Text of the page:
Depending on your particular camera, the standard "auto" mode may be indicated by a symbol resembling the outline of a camera, or some other designator. However, it's not unusual to find a P&S camera that offers "P" (programmed auto), "M" (manual), "S" (shutter priority), and "A" (aperture priority) modes in addition to the "auto" setting or the specialized scene menus. These designations may vary somewhat from manufacturer to manufacturer. Let's look a little closer at each of these modes and see what they might offer.
"P" generally means a programmed auto mode; if you select "P" the camera determines and sets shutter speed and aperture to produce what it considers an optimal exposure. Depending on the particular camera, you may be able to make some additional inputs such as exposure compensation or bracketing, but "P" is still primarily an auto mode and generally produces good results in most situations.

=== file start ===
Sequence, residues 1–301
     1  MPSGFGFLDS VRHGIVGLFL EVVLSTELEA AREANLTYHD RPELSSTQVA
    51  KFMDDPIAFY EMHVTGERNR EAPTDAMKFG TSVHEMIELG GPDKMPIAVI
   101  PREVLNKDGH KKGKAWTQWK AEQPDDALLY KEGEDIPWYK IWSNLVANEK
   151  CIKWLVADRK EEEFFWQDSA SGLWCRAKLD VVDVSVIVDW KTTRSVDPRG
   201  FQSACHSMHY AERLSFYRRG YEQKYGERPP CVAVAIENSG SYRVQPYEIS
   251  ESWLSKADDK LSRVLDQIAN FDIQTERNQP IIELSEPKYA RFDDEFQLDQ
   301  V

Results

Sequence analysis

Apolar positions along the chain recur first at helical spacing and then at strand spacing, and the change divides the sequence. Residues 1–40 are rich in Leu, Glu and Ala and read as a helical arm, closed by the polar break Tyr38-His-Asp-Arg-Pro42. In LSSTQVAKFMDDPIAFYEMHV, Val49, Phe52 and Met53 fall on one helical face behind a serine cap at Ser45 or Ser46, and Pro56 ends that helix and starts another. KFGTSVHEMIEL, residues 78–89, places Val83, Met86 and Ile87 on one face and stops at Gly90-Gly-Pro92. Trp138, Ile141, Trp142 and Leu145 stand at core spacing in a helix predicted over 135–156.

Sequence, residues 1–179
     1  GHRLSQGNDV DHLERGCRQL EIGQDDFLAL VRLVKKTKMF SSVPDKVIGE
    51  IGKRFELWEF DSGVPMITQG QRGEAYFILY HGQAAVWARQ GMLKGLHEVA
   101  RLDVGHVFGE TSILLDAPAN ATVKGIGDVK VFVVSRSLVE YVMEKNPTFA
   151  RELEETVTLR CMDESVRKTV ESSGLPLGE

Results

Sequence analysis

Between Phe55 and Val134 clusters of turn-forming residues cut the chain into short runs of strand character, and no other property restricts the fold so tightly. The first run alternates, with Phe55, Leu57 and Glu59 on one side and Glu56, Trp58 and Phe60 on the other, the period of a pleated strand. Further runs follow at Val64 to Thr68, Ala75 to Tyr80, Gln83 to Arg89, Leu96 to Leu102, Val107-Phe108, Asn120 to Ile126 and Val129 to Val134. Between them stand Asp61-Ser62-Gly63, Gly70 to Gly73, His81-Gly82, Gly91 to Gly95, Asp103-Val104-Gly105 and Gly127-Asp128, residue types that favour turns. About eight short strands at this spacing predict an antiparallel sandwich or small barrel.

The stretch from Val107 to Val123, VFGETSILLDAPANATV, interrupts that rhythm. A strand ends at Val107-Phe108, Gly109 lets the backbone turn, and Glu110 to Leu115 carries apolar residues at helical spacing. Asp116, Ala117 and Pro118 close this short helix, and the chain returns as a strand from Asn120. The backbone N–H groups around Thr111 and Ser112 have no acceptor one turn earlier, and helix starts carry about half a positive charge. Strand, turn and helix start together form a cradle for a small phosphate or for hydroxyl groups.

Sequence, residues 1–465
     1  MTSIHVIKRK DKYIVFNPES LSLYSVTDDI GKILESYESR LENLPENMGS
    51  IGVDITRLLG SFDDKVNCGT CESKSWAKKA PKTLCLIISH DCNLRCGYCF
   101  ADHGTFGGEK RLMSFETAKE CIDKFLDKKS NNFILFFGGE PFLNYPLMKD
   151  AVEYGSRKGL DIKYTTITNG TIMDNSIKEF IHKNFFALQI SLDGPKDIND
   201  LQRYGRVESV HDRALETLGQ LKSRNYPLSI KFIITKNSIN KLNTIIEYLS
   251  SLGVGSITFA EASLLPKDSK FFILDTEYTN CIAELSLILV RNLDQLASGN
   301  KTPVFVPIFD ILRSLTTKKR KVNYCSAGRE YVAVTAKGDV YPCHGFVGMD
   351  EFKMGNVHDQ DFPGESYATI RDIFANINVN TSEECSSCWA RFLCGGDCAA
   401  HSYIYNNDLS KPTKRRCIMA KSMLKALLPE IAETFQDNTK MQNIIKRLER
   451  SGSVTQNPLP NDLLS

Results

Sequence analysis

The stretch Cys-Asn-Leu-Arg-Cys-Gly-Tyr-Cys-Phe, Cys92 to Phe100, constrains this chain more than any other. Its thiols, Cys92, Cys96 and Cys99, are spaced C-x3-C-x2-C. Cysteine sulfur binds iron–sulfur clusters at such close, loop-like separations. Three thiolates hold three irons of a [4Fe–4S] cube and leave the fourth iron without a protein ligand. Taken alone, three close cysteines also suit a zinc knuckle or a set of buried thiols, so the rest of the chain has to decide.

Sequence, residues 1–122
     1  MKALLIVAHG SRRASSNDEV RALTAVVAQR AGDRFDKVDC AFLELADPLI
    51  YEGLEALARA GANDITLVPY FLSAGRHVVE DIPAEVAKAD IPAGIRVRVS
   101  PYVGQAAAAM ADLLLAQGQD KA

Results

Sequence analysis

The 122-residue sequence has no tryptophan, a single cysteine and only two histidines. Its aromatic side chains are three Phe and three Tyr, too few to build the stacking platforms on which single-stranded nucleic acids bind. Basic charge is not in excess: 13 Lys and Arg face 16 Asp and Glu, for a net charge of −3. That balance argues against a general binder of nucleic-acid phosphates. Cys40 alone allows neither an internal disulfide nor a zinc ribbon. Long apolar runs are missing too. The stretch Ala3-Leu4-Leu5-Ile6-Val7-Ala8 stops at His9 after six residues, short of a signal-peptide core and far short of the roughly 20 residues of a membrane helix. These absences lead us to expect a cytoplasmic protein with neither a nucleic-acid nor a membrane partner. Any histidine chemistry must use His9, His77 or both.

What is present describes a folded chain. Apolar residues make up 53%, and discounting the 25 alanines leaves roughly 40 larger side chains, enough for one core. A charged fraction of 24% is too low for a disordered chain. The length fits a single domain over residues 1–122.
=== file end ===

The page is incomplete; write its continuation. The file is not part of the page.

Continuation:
"M" is generally a fully manual mode where the shooter sets both shutter speed and aperture. The camera typically will indicate if the shot will not be optimally exposed at the selected settings; this indication will vary depending on camera brand. You continue to make changes to shutter speed and/or aperture until the camera indicates a proper exposure, then you take the shot. Obviously, some time could be spent finding the shutter/aperture settings that produce the optimal exposure. In most cameras, if for some reason you don't notice that your manual settings are not going to produce a good exposure, the camera WILL NOT prevent you from taking the shot with the wrong exposure. Because of the time it may take to arrive at the proper exposure and the possibility of taking a shot at the wrong exposure, "M" is probably not going to be the mode of choice for most situations. However, if you wish to take long exposures (typically astrophotography of relatively faint objects -- comets, constellations, planets) many cameras will have a "Bulb" setting that will be used in conjunction with "M" to permit the shutter to be kept open for extended periods.